Things I learnt in Japan


  1. Commercial airlines take the fun out of flying. Airports are often overcrowded and always have so much ‘dead-time’ waiting for check-in, security, boarding, take-off, baggage claim, customs…
  2. Heathrow is horrific and I’m glad Guernsey doesn’t fly there any more.
  3. When UK customs say one piece of hand-luggage per person they mean it. Handbag and laptops are a piece and taking liquid or gels is still a pain.
  4. It takes around 1h 20mins to transfer between Heathrow and Gatwick by coach.
  5. Seoul’s airport is impressive even under construction – shame about the one-hour delays on the runway.
  6. Korean Air’s fleet delivers interactive individual LCD screens with seat-to-seat gaming or ancient dodgy CRT projectors depending on the luck of the draw.


  1. The JR Rail Pass offers massive savings for those wishing to get around. As well as Shinkansen bullet-trains between major cities you can take slower trains between towns and JR lines inside cities.
  2. Show your JR Pass and ticket at gates instead of putting your ticket in the machine. Otherwise be prepared for a polite yet firm official to tap you on the shoulder.
  3. JR Pass doesn’t let you get on the Nozomi Shinkansen. The quickest you can ride is the Hikori which is the same speed but has more frequent stops often.


  1. Tokyo subway is quite easy to navigate despite the sheer size and number of people thanks to near-complete Romaji maps.
  2. Kyoto subway is a bit of a mess thanks to multiple operators and no unified map.
  3. Fukuoka’s subway is fast, clean and easy to navigate… it is also new.
  4. Buy a credit ticket that will be deducted per trip. It saves a whole lot of time messing around with machines and costs and lets you get on the last few trains when the ticket machines have closed.


  1. All Internet cafes should consist of cubicles you can sleep in with TV, workstation, bean-bag, unlimited soft drinks and a free comic library like Gera Gera.
  2. Mobile phones are everywhere with people texting and gaming in the street, on trains etc.
  3. Mobile phone system is UTMS/3G so a GSM-only phone won’t work. You’ll also need to make sure your operator has a roaming partner in Japan because you can’t buy pay-as-you-go SIM’s in Japan unless you’re a resident.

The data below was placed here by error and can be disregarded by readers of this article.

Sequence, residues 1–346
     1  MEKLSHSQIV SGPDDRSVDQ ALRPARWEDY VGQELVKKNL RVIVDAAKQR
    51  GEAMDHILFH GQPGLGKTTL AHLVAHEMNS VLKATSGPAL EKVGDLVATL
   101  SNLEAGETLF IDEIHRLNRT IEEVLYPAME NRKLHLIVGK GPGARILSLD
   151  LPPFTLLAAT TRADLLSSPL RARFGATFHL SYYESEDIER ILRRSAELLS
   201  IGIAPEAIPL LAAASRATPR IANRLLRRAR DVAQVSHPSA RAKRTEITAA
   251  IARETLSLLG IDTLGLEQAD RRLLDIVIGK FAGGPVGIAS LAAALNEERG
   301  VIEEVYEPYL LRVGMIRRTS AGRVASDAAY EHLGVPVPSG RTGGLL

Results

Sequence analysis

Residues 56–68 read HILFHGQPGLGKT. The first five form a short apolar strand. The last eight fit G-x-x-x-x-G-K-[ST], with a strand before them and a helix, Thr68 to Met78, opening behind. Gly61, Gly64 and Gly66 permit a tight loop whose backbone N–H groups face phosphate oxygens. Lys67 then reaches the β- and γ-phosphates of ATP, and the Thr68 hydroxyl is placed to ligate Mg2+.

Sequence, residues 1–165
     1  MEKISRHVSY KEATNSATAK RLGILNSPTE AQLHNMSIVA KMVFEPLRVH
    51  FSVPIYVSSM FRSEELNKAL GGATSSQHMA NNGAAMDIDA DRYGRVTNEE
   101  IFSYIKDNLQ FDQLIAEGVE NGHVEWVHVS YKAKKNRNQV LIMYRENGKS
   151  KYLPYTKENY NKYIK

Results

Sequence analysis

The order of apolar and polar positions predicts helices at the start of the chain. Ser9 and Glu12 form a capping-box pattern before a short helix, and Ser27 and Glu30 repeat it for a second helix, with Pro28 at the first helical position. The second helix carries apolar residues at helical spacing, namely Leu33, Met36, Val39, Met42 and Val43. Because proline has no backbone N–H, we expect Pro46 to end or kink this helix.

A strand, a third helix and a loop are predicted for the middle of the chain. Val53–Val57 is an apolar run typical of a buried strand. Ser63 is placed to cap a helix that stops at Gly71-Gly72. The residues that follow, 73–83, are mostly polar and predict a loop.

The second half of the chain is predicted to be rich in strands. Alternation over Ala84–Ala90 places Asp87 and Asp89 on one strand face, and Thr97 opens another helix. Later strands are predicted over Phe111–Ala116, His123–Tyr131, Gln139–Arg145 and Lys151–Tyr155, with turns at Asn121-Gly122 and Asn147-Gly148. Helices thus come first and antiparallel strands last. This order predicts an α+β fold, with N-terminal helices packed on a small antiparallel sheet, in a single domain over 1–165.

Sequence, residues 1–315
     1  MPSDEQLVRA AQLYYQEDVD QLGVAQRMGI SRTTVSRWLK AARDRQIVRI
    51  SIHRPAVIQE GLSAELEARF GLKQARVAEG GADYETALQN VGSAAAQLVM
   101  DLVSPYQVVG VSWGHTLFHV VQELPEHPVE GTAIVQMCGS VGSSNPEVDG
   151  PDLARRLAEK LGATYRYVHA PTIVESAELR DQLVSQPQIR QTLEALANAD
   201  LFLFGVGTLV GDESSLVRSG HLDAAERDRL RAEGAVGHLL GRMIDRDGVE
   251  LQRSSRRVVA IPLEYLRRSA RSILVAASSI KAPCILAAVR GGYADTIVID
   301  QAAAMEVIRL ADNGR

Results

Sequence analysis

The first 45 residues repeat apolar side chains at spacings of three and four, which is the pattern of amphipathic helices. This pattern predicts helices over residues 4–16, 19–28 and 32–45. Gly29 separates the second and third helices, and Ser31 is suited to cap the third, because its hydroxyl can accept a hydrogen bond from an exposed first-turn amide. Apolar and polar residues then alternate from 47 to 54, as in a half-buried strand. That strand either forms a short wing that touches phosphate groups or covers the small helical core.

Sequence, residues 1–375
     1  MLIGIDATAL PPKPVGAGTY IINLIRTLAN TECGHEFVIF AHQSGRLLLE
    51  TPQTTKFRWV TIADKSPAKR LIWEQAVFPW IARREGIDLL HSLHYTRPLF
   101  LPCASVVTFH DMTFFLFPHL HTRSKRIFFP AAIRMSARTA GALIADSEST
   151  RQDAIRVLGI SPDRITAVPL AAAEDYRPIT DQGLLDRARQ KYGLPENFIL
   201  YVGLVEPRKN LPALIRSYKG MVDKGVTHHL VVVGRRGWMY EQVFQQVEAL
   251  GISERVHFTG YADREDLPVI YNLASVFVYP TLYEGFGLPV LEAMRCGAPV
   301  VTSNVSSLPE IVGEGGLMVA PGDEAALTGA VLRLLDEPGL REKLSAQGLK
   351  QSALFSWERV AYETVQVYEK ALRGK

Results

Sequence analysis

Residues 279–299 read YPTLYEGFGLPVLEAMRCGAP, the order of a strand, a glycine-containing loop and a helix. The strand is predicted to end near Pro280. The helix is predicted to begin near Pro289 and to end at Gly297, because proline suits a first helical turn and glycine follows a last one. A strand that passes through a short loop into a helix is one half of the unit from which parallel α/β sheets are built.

1. Japanese people are incredibly polite and helpful whether it’s a stranger sharing her umbrella at a road junction, somebody helping you pick up the contents of your bag sprawled across the floor or somebody from a shop coming outside to help you get your map the right way up and point you in the right direction.
  2. Tiny Police stations (boxes) scatter Tokyo and are equipped with maps to help lost people – addresses are hard to find without one. Check the web-site for where you’re going and you’ll probably find a printable map.
  3. Emotion is all about the eyes and not the mouth in Japan. It’s not just anime but even emoticons are eyes-only. A sad mouthed-face here is tearful eyes!


  1. The street-tent Japanese eateries are a great place to meet people as locals of all ages and foreigners get chatting.
  2. Cheese, milk and chocolate are not common. Kit-Kat and Snickers are about the only recognizable brand chocolate bars.
  3. Eggs turn up in many many dishes. Boiled and dropped into soups, or cooked and laid upon practically anything or sometimes raw over rice dishes.
  4. Food is beautifully prepared, even supermarket sandwiches and lunch-boxes. Crusts are too ugly for their sandwiches.


2 responses

  1. Avatar for steve

    The main thing that's put me off going to Japan (apart from cost) is the food. I always insist on eating local food in local eating houses wherever I go, it's part of the whole experience, but try as I might I can't stand most Japanese food I've tried, even though I love other asian food (Chinese/Thai/Malaysian). Perhaps it's just what they serve in restaurants in other countries - I know when we went to China that the local places were quite a lot different.

    steve January 4, 2007
  2. Avatar for Damien Guard

    If you survived okay on real Chinese food I think you'd have no problem with real Japanese.

    Damien Guard January 8, 2007